Stevens, Jacquie – White Bowl with Tall Woven Basket Rim (1999)
Jacquie Stevens was best known for simple use of forms on her pottery. Over the years she brought an unexpected dimension to Native pottery with her immense, undulating vessels. Her Winnebago ancestry inspired her to add basket weaving and other materials as embellishments to her undecorated forms. Her aesthetic of the organic challenges the symmetry of Pueblo pottery and provides a provocative glimpse into the future of Native pottery. This bowl is made from white micaceous clay. The mica adds a bit of sparkle to the surface. The interior has a “swirl” pushed into the clay. The simplicity of the bowl is enhanced by the complexity of the rim, which is a very tightly woven basket pattern. The holes in the side of the bowl are used to hold the stitching of the basketry. The basket part of this piece is unusual as it is so tall with four inches of weaving! As well, it was not often she used both two different colors for the weaving. Note as well the little piece of turquoise on the top edge of the basket. The piece is in excellent condition with no chips, cracks, restoration, or repair. It is signed on the bottom, “Jacquie Stevens”. The piece is from 1999.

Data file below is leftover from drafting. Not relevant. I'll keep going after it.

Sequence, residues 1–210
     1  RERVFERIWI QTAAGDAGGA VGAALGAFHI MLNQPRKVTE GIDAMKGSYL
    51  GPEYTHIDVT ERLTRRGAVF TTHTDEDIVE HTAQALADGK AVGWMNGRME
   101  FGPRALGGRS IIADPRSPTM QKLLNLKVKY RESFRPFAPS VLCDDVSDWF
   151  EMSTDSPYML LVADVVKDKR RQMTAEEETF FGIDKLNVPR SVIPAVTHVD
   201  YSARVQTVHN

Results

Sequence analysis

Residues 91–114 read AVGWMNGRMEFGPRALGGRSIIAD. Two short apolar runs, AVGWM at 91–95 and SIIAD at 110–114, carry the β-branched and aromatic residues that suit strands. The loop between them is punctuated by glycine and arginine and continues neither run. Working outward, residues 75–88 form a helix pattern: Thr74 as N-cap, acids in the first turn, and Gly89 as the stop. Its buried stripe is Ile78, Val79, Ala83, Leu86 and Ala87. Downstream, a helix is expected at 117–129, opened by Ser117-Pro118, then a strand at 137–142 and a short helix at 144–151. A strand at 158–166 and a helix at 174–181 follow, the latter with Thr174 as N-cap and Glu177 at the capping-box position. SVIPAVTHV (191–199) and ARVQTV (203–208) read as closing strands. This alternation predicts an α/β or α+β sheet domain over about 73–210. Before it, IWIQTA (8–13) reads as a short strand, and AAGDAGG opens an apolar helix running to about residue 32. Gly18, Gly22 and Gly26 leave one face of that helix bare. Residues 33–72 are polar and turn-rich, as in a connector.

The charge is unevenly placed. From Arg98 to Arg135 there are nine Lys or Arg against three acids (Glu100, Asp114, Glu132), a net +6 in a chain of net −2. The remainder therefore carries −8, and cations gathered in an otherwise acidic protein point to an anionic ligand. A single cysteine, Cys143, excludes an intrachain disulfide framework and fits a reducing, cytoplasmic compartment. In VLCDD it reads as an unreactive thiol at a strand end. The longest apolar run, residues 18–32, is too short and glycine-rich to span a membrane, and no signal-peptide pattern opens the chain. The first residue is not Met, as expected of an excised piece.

“The ceramics of Jacquie Stevens are to the casual observer beautiful, lyrical ware, but on a more subtle level, they are often subliminal statements about sensuous shapes, and the texture and volume of the human body—in an age when television advertising (not figurative painting or sculpture) has capitalized most powerfully on people’s love of and need for the truly human in their lives. Stevens’s work is also intellectual, playing on the ceramic traditions of potters from all over the world. Even when she is not working metaphorically, the artist’s involvement with texture, whether it be of scored clay, embellishments of beads, or the smoothness of hides, is her hallmark.” Spoken Through Clay